So, be clear as to what you are about and be confident that you tell only the silliest of truths and plausible falsehoods for entertainment.

You should have thanked this person, however, for not wasting your time. Astonishment and magic and only occur if the observer desires and expects it.
It does not matter if their perspective is false or even a lie, they are not wroth your effort to entertain or change.

...

Of greater importance (for me) is your statement, "They are trying to guess how and their guess is right."

If that is their reaction then you are not doing something right. Your task is to eliminate every option other than "must be magic."
There should be no "guess" or game of 20 questions. And even if they do offer/claim an explanation, you have not need to answer.

You never have to lie about what you did, or justify it either. Performance magic is not about puzzles or ego challenges or skill demonstration.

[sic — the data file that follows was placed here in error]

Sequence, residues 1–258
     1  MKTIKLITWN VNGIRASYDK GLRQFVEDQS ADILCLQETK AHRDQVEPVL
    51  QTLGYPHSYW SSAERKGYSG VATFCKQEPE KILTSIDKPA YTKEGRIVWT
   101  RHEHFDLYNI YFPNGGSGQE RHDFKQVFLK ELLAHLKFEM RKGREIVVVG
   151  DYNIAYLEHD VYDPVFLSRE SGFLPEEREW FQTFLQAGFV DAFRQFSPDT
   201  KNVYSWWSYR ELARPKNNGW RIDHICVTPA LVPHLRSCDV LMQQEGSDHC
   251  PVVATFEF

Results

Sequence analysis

Enjoy your journey. If nothing else, it will make you more aware of the lies all around you from politicians, marketers, preachers, employees and friends.
"the more one pretends at magic, the more awe and wonder will be found in real life." Arnold Furst



ShareBooks at www.eversway.com * questions at funsway@eversway.com
George Ledo
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Going strictly by your post since that's all I know...

One, this was a stranger. Maybe he or she just doesn't like magic or has been "ruined" by bad performances. Not everyone likes magic.

Two, always a possibility that he/she felt you came on too strong. Again, might be based on prior experiences.

Three, as funsway said, if they're trying to guess, and telling you about it, then you're doing something wrong. We can't suggest a solution without watching you perform.

Four, if you "lie" about how it's done, you might he coming across as confrontational, or it's obvious that you're lying.

Five, if that happens, the magic is gone. Now it's just "I know and you don't."

The only suggestion I can offer at this point is to watch a whole bunch of magic performances in your own genre and see how the performers come across -- both the good ones and the bad ones. You can do that on YouTube.